No longer would his people's prosperity rise and fall with the price of platinum, Molotlegi decided. He opened a brick and tile factory, a textile shop, a pottery store, a construction company and turned Bafokeng into a brand name. The Bafokeng emblem -- a crocodile -- is emblazoned on everything from cement mixers to buses to storefronts in Phokeng.
He pushed Bafokeng students to go to college and established a scholarship program at Howard University, where two Bafokeng students study.
The impact of the king's reign and his tribe's prosperity can be felt everywhere in Phokeng. The main streets are lined with lights and sidewalks, a rare sight in most South African towns. Most homes are made of bricks, not corrugated scrap metal as in many black townships. The Royal Bafokeng Sports Palace, visible from miles outside of town, has world-class tennis, track, soccer and swimming facilities. And in a nation with one of the highest crime rates in the world, violent crime is rare, authorities say.
Shoppers and schoolchildren crowd the Bafokeng shopping plaza, where they eat at fast-food restaurants and watch "Inspector Gadget" and "The Beach" at the Royal Bafokeng theater. Profits from businesses go back to tribal coffers.
But the millions of dollars in royalties have not solved all the Bafokeng's problems. Hundreds of unemployed men congregate each morning waiting for the chance to get work in the mines. Children beg for money at the shopping mall. Some families on the outskirts of town are without water or electricity. More than 30 percent of the people are unemployed.
The king did not shy away from the social ills. He set a goal of 2020 to provide full employment.
"Africa tends to live all for today. But here, they are always thinking about the future," said Shelah Mackrill, who manages the Bafokeng textile factory where pillow covers, blankets, wall hangings and place mats are produced from recycled cloth.
Lenah Moatshe, 45, a mother of three, praises the king's work putting lights on the streets, paving roads and building schools. Her job in the king's textile factory has given her skills she can pass on to the next generation, she says.
Although celebrated for his business savvy, King Molotlegi also knew how to promote the culture and spirit of his people. He asked that the Bafokeng be called a nation instead of a tribe, a term he found derogatory because it was used onlyto refer to residents of the Third World.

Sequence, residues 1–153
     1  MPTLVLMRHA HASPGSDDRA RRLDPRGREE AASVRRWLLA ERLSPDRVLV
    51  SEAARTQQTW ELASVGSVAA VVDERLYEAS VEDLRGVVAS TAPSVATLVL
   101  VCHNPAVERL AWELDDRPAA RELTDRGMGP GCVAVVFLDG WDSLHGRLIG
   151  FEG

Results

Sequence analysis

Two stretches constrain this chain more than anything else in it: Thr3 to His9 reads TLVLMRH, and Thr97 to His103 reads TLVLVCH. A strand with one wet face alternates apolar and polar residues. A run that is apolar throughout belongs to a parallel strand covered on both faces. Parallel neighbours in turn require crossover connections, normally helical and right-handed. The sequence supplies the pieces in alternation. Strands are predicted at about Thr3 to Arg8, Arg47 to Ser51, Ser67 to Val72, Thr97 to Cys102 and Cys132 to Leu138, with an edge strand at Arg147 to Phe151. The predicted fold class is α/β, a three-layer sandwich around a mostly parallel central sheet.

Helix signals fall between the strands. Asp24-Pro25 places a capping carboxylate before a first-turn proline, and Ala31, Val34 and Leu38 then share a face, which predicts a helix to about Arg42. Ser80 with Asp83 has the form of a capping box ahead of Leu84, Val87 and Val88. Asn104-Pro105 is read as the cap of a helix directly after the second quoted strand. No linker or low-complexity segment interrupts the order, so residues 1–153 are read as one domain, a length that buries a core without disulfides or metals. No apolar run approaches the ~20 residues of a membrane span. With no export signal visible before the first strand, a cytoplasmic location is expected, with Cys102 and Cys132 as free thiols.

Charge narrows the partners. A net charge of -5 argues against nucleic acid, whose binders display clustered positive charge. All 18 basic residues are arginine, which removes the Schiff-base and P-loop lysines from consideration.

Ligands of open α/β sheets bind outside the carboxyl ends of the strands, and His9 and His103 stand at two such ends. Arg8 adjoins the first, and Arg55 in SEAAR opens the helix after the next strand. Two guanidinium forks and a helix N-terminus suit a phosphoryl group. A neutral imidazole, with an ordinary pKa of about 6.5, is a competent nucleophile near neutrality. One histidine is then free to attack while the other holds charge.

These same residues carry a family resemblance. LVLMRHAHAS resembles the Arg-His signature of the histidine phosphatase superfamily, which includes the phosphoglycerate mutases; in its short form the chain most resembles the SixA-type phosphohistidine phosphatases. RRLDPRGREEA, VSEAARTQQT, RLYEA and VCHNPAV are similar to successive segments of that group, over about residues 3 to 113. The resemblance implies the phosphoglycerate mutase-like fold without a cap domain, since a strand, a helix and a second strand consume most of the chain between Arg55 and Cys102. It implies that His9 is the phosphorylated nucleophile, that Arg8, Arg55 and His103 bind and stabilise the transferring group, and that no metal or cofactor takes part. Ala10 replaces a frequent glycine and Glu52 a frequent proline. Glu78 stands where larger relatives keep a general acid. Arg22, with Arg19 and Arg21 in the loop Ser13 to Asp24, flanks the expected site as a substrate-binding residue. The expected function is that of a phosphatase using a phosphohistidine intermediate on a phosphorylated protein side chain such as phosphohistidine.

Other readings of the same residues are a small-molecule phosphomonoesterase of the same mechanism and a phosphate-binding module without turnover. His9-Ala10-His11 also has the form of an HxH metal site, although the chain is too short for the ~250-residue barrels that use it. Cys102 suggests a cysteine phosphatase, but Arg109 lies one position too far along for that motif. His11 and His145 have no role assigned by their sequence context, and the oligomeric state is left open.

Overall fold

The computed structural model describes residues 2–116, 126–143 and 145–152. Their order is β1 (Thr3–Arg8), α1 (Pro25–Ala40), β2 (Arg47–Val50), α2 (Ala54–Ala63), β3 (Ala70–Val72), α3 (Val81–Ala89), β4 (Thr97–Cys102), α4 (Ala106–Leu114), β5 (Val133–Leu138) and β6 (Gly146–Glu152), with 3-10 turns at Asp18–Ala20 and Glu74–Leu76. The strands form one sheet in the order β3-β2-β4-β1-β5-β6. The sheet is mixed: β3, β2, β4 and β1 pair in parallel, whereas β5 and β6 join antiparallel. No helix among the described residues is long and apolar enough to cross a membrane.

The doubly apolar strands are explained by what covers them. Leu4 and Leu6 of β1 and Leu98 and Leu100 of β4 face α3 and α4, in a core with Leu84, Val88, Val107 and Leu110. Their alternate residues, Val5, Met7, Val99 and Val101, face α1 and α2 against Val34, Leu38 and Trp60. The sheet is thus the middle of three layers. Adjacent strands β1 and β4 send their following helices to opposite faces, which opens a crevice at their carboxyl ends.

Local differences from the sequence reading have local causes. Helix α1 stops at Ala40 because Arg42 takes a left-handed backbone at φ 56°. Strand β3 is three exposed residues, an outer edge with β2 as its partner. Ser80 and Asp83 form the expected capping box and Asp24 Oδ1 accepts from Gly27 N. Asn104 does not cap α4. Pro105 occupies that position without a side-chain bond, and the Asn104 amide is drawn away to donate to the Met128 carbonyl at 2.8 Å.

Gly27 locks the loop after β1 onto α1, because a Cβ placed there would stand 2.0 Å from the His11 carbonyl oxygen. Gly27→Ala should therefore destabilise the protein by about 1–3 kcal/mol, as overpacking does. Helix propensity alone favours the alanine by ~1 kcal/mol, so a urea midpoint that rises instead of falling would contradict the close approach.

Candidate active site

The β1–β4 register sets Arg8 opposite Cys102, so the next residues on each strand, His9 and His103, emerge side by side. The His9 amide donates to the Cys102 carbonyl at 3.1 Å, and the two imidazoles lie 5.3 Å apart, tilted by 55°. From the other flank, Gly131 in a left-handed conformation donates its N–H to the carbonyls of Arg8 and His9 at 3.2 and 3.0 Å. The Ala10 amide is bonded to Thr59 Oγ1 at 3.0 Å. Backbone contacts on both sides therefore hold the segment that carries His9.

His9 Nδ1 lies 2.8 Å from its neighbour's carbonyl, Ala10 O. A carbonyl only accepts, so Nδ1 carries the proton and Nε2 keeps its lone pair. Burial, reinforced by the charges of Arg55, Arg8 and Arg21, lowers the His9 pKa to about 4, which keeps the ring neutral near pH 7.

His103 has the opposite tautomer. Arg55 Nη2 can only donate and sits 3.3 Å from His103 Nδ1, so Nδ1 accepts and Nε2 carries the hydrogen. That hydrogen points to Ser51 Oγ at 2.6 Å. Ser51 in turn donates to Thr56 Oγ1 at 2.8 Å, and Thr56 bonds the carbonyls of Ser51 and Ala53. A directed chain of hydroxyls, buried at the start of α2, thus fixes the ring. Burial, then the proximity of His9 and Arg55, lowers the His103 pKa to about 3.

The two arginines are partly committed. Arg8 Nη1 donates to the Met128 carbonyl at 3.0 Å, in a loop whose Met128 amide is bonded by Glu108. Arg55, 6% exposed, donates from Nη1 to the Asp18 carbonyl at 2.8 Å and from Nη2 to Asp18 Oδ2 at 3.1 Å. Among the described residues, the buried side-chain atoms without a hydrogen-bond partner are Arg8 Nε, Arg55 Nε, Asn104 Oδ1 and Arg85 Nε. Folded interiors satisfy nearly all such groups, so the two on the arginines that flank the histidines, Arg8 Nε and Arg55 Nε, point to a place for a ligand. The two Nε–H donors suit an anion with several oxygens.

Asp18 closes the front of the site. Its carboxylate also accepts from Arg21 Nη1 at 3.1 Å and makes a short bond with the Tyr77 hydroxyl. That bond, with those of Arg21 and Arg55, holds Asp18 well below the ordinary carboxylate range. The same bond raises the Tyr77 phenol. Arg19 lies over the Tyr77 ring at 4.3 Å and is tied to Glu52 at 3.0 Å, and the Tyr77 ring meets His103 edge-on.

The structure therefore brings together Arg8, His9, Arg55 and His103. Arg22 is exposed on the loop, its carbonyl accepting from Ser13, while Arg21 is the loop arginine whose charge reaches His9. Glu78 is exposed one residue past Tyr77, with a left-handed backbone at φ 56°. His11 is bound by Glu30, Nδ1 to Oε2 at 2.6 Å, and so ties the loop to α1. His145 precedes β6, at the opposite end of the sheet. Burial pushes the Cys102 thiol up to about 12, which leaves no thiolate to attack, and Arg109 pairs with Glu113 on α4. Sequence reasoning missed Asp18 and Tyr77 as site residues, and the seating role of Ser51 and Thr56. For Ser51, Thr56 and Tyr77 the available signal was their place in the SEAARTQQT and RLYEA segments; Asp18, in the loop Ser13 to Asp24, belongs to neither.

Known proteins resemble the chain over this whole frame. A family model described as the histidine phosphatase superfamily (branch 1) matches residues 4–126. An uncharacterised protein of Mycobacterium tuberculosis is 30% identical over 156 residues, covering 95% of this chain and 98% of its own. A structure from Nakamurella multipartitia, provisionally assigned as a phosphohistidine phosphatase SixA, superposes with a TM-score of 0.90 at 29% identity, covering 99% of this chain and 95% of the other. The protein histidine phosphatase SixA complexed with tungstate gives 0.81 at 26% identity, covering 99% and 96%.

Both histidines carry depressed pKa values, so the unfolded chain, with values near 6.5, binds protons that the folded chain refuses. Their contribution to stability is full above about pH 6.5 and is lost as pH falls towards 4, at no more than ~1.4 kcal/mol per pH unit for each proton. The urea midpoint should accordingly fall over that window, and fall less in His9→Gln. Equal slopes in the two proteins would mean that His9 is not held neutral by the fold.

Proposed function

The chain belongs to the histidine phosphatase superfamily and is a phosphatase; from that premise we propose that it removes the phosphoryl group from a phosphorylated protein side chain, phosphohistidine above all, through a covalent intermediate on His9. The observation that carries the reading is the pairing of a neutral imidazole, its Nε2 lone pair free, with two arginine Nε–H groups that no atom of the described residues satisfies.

He redefined the once-distant relationship between the Bafokeng and the companies that mined tribal land, pushing for the companies to give back to the community. He persuaded mines to establish technical training for the Bafokeng and to sponsor community projects. He also demanded the companies and the Bafokeng work to understand each other.
"The Bafokeng didn't know about our operations, and we didn't know anything about their traditional beliefs," said George Viljoen, business manager for Amplats platinum mine near Phokeng.
The king, he said, "was the driving force behind everything."
But the king did not escape criticism. Some members of the tribe criticized his extravagant priorities, such as his helicopter, a 45,000-seat stadium that is rarely used and an Olympic-size swimming pool for a tribe that traditionally fears the water.
To justify his expenditures, the king this year launched a newsletter publicizing his goals to reach full employment by 2020. He also released audits of the tribe's finances -- available in hard copy and on the Internet.
"They didn't know what was in his mind," said Tebogo Rapoo, a spokesman for the Bafokeng. "They didn't understand his plan." Many now have come to appreciate his vision, the Bafokeng say.
"We still don't believe he is gone," said Pauline Mmaguatata Molokoane, 26, a leader of the Bafokeng tribe's youth group. "There is a hole in our hearts, but we are going to fulfill his dreams."